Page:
Volcano Calendar 2018: We're proud to present our 2018 volcano calendar: 13 different and attractive images of volcanoes, volcanic landscapes and phenomena taken during volcano tours over the past few years.
The Volcano Adventure Guide: Excellent information and background for anyone wishing to visit active volcanoes safely and enjoyably. The book presents guidelines to visiting 42 different volcanoes around the world.
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Strombolian activity at the SE crater's saddle vent and the peaks of tremor accompanying each short-lived episode (image: Boris Behncke / INGV Catania)
Satellite image of Klyuchevskoy volcano on 19 May 2017
Small vulcanian eruption at Sakurajima earlier today
Satellite image of Ibu volcano on 18 May 2017
Satellite image of Sinabung volcano on 19 May 2017
Satellite image of Dukono volcano on 19 May 2017
Earthquakes under Piton de la Fournaise during 04:00 and 17:30 on 18 May 2017 (OVPF)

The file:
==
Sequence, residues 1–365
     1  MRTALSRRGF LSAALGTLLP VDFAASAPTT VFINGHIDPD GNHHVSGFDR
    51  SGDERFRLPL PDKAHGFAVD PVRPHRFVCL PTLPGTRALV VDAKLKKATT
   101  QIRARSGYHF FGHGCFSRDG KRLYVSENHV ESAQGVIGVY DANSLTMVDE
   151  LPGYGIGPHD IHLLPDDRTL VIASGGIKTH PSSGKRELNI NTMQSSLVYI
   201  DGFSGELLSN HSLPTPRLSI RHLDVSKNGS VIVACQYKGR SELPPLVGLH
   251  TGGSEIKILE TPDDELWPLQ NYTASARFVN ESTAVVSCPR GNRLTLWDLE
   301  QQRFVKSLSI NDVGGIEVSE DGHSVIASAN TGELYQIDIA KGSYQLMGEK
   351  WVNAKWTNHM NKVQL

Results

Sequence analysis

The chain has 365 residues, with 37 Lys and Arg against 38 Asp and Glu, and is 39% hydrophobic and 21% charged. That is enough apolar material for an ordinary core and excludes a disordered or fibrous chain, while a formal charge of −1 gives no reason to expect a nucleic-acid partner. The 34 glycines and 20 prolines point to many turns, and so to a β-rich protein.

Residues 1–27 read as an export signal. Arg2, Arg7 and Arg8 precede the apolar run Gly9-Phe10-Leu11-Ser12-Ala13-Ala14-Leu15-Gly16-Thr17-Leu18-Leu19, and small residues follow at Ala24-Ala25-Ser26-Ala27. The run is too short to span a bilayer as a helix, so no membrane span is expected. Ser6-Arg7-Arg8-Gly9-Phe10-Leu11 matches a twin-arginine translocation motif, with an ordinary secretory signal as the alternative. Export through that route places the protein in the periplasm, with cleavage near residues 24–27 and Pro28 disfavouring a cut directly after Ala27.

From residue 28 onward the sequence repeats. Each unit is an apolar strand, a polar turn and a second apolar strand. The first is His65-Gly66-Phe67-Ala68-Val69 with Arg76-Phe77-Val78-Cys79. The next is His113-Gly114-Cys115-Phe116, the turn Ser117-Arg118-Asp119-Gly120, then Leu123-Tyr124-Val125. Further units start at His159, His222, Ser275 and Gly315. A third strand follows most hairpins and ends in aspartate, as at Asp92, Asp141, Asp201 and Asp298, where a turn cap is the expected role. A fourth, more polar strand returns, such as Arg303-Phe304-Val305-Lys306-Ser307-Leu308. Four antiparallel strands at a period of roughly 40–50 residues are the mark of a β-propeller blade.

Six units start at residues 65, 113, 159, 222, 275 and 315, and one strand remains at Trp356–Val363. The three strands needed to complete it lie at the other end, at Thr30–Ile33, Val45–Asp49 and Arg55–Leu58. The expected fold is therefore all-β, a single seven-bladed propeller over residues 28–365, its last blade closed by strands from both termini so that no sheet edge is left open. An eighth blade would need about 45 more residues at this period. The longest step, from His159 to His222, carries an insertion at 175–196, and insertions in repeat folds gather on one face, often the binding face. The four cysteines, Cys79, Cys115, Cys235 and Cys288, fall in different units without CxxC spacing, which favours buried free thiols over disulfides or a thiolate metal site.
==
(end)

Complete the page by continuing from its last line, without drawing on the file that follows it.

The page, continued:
Etna (Sicily, Italy): We have several free spaces for (hiking) tours to the summit area of Etna in small groups (max 8 persons) on 16 and 17 June. The excursions are accompanied by a certified mountain guide and a volcanologist from our team (Dr. Tom Pfeiffer) and will aim to approach volcanic activity if present and the most interesting volcanic features. Visit the Etna Tours page for more info! ...19 May: Since 11 May, Etna has been in an unusual state of activity. At remarkably regular intervals of approx. 8 hours, the "saddle vent", located between Etna's old and new Southeast Crater, has been producing more than 20 brief episodes of mild strombolian activity, each accompanied by a short-lived increase in volcanic tremor amplitude. The episodes are further characterized by the absence of strong degassing. What causes this unusual and certainly transient behavior is not exactly known. Researcher Dr Marco Neri tries to give an explanation in an article on La Gazzetta Siracusana(loosely translated): ... [read more] ... [show less] "In fact, Etna volcano produces "mini-eruptions" that last a few tens of minutes, located at the top of the New South-East Crater, at about 3300 meters. There would be nothing strange about this, except that these events occur with an impressive regularity, about 3 a day, and at fairly constant intervals of about eight hours. A phenomenon that closely resembles that of geysers, although in this case it is magma to erupt at the surface and not water. ... These small eruptive events are always accompanied by an increase in the amplitude of volcanic tremor, which corresponds to a vibration produced by movements of volcanic fluids circulating within the eruptive duct. When the magma approaches the surface and erupts, tremor increases sharply. ... Therefore, the tremor graph shows a series of almost regular peaks for amplitude and intervals. It's like volcano's hiccups!